Meg's family has faced some pretty rocky times in the last couple of years. Her mother, now Madame President Powers, is still recovering from an shocking attack (albeit out of the public eye) and Meg's family seems to now be, not-surprisingly, closer and more tight-knit than ever. Meg's biggest worry is finishing up her senior year while trying to avoid the ever-present reporters who follow her families' every move when the unthinkable happens: Meg is brutally kidnapped by terrorists and forced to endure more than she ever imagined. Meg isn't sure why she was taken or even where, but she knows the terrorists have no plans to let her live. Which quickly becomes her only goal.
Meg goes through some truly horrific stuff in this novel. She's beaten down and left so physically and emotionally scarred, she knows her life will never be the same again. Unexpectedly, I found myself repeatedly in tears while reading because I had unknowingly become so dang attached to Meg, I understand why some scenarios were more painful than others. Ellen Emerson White knew she couldn't start off the series with a story like this, but since she's built up a character (Meg) supported by incredible secondary characters with such believable interactions that I was completely drawn into this story. I could feel and understand every single person's pain because I'd been with them all for so long, I just got it.
So if I thought White House Autumn was taking a risk dealing with a presidential attack, then Long Live the Queen has to take some kind of award for even daring to discuss a teen who is taken hostage by terrorists. I do have one thing to say about Ellen Emerson White, that woman is fearless. Fiercely fearless. She doesn't shy away from any of the tough questions or the questionable emotions, she faces each dead-on with a calm and precise determination. Terrorists, kidnapping, Vietnam - I mean is there anything this woman can't do - and do well?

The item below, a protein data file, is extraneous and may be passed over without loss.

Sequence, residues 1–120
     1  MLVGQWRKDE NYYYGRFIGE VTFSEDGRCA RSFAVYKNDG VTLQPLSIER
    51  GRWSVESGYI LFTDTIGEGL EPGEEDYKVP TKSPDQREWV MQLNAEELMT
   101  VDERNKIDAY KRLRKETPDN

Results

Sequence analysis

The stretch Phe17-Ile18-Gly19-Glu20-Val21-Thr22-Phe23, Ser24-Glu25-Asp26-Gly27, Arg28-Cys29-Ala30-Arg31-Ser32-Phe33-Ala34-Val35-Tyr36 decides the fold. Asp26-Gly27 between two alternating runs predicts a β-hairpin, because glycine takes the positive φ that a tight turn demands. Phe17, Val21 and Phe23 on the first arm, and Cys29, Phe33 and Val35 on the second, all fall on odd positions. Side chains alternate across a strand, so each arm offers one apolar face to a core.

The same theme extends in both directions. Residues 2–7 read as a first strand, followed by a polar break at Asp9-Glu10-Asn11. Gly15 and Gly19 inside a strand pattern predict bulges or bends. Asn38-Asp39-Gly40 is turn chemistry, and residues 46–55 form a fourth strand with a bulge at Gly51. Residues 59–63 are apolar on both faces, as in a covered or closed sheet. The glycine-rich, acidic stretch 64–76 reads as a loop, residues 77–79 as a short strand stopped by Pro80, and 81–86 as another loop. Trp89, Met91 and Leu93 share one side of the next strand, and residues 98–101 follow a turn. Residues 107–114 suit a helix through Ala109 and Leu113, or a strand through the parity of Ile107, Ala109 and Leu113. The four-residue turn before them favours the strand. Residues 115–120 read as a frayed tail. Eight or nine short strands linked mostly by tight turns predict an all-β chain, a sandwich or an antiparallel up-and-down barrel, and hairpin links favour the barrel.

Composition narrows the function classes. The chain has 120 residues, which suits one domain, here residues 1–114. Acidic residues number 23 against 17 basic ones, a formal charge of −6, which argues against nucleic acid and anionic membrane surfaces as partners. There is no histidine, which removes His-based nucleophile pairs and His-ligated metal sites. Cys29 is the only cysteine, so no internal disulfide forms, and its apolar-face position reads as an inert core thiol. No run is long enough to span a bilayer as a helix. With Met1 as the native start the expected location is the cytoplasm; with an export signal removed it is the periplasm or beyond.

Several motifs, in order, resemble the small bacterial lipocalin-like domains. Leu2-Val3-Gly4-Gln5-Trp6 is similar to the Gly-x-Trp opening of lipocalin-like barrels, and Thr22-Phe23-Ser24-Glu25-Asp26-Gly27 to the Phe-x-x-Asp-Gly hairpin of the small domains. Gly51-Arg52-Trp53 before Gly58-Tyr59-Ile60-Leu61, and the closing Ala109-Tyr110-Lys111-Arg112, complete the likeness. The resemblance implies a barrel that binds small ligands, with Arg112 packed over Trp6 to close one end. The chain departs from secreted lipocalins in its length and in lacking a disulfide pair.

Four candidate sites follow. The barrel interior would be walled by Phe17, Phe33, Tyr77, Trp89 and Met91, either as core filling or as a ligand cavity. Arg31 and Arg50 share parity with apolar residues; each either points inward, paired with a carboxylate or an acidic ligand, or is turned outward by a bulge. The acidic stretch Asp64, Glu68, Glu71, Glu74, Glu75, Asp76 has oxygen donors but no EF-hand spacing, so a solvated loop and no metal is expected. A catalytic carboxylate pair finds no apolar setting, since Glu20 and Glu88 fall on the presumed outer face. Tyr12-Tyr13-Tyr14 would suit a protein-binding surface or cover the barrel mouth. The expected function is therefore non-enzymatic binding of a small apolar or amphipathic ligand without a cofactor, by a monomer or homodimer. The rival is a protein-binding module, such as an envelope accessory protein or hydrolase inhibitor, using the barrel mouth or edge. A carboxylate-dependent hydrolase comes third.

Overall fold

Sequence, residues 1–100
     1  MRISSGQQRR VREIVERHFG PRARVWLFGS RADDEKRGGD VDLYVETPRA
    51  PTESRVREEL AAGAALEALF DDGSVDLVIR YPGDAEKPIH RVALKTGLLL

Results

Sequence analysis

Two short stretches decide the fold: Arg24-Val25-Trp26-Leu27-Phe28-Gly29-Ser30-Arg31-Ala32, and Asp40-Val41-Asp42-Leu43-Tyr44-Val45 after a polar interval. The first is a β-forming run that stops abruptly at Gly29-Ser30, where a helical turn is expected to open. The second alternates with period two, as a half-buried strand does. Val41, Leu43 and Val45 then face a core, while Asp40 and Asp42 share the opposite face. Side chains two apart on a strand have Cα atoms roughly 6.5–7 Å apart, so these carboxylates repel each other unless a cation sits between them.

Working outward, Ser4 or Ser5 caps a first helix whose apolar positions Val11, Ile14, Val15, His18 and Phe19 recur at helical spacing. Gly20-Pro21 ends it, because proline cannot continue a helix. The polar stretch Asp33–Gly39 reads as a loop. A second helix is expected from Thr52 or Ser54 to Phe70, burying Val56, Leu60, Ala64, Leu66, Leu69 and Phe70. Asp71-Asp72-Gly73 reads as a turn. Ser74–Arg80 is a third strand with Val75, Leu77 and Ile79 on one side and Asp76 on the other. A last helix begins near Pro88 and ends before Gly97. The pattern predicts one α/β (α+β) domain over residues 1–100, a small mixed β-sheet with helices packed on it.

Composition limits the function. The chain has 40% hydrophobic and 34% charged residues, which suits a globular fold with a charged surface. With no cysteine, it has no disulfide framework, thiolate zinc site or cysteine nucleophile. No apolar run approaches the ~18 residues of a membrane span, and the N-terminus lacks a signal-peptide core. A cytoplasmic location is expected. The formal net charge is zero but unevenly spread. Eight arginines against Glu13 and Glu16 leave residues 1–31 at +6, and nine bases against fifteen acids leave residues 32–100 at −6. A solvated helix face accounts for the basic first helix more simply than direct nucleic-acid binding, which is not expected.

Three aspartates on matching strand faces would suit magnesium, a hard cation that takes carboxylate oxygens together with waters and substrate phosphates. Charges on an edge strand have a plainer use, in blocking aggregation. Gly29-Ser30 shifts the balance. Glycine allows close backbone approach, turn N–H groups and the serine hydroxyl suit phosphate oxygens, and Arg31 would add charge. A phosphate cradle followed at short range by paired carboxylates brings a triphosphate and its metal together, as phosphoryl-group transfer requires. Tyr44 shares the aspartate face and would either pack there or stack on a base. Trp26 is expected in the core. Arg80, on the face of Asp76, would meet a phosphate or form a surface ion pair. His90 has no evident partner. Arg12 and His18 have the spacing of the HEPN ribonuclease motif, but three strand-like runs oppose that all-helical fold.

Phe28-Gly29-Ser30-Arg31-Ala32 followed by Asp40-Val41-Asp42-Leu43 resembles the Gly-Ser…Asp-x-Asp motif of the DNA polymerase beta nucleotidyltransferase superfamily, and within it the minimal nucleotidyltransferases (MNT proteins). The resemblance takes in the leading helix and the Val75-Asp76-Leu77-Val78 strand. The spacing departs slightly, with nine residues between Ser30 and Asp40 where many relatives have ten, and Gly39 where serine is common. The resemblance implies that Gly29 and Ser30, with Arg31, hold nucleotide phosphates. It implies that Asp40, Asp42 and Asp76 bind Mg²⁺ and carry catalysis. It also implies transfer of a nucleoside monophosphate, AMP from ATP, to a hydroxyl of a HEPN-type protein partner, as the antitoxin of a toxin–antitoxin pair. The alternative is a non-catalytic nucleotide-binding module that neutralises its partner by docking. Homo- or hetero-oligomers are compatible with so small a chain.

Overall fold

For this third installment, I find it noteworthy that the artwork was chosen to mimic James McNeill Whistler's classic painting Arrangement in Grey and Black: The Artist's Mother. I can't fault their taste - there is something inherently classic about Whistler's work, I totally dig it. Of course it is tongue in cheek with the hanging picture of the White House in the background and it definitely allows you to see the bright blue leg and hand brace Meg is now sporting. As for the Queen herself, Meg's attitude seems to be almost passive, which after reading this novel, I can assure you is anything but, which is a none too subtle reminder that Meg is under constant scrutiny all the time and that even when she's feeling wretched and depressed, she's still putting on her 'public' face and doing what she has to.
series reading order:
~ The President's Daughter - my review
~ White House Autumn - my review
~ Love Live the Queen
~ Long May She Reign